Brainstorming possible topics of conversation before the main event, Higgins advises her of the path forward: “The weather and everybody’s health.”
Of course, this newfangled “small talk” doesn’t necessarily go as planned, but it serves the purpose.
The dinner party I attended last month proved that discussing sex, religion and politics can indeed be discussed in relatively polite company, leading not to screaming matches, storms around the room, tossed food, a drink in the face, or flounces out the door.
The same held true for my family’s Easter Dinner on Sunday night.
As tradition dictates, our family gathering was once again hosted by my aunt and cousin at their home in the southernmost tip of what has colloquially become known, for better or worse, as the heart of Ford Nation.
Back when such a term was first coined, Rob was at his zenith as a politician and provided no shortage of heated dinner table fodder at the time. Now that it was a colloquialism that is very much at the forefront of our minds once again, I was more than curious as to whether dinner table conversation could once again withstand the topics of sex, religion and politics.
Thankfully, not only did it withstand that heady trifecta, but it conspired to create an enlightening atmosphere where political views had evolved and contrary opinions and different perspectives were almost as tantalizing as the food on the table.
Both Easter Dinner and last month’s dinner party were almost balms for this particular writer’s soul.
Not too long ago, I was zeroing in on despair observing – but not often participating in – some of the threads of public discourse making themselves known online.
We all know about fake news, the ill-informed people who seem to have made it their calling to disseminate the good word, the manufactured bots – or bots-for-hire – designed solely to spread misinformation, but there seems to be a growing trend of people simply wanting to shut off all dissenting voices.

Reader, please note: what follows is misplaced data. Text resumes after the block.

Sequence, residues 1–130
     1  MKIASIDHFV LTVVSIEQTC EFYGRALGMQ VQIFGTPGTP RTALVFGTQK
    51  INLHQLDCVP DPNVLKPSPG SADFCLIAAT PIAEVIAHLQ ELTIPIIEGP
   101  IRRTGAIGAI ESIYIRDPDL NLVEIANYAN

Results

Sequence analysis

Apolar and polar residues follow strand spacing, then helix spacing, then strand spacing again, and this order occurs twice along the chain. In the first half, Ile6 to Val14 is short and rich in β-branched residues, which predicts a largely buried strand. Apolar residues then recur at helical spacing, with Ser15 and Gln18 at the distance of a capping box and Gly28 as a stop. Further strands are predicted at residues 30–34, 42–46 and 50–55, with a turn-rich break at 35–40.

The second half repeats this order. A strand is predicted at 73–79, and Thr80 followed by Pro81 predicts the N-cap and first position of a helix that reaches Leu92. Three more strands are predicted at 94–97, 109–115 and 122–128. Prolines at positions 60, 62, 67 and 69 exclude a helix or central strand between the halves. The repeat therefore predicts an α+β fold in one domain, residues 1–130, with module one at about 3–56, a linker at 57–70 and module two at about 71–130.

A handful of friends, for example, recently published near-manifestos on just what constituted a proper reply to anything they happened to post on Facebook, Twitter or Instagram. Although there were a number of points from each individual, it all boiled down to these essentials: “Only reply to a post if you happen to agree with an opinion. All others will be banned.” “A Facebook wall is a ‘curated’ page. Navigate at your own risk.” And, although it wasn’t explicitly stated, “Don’t interrupt my echo chamber.”
These are mindsets I am seeing with greater and greater frequency as the weeks and months roll on, so these past two experiences were unexpectedly refreshing.
Perhaps this hive mind mentality is limited to social media, but I found it encouraging that, at least in person, these conversations actually provided valuable and informed discourse. It might have led to changed opinions – it might not – but these conversations were had.
And that’s the important thing.
It left me with a feeling of hope – but tempered with hope as well that this was not a simple April Fool’s prank.
If so, I’d gladly trade my chocolate-covered quinoa and hemp hearts for more conversation.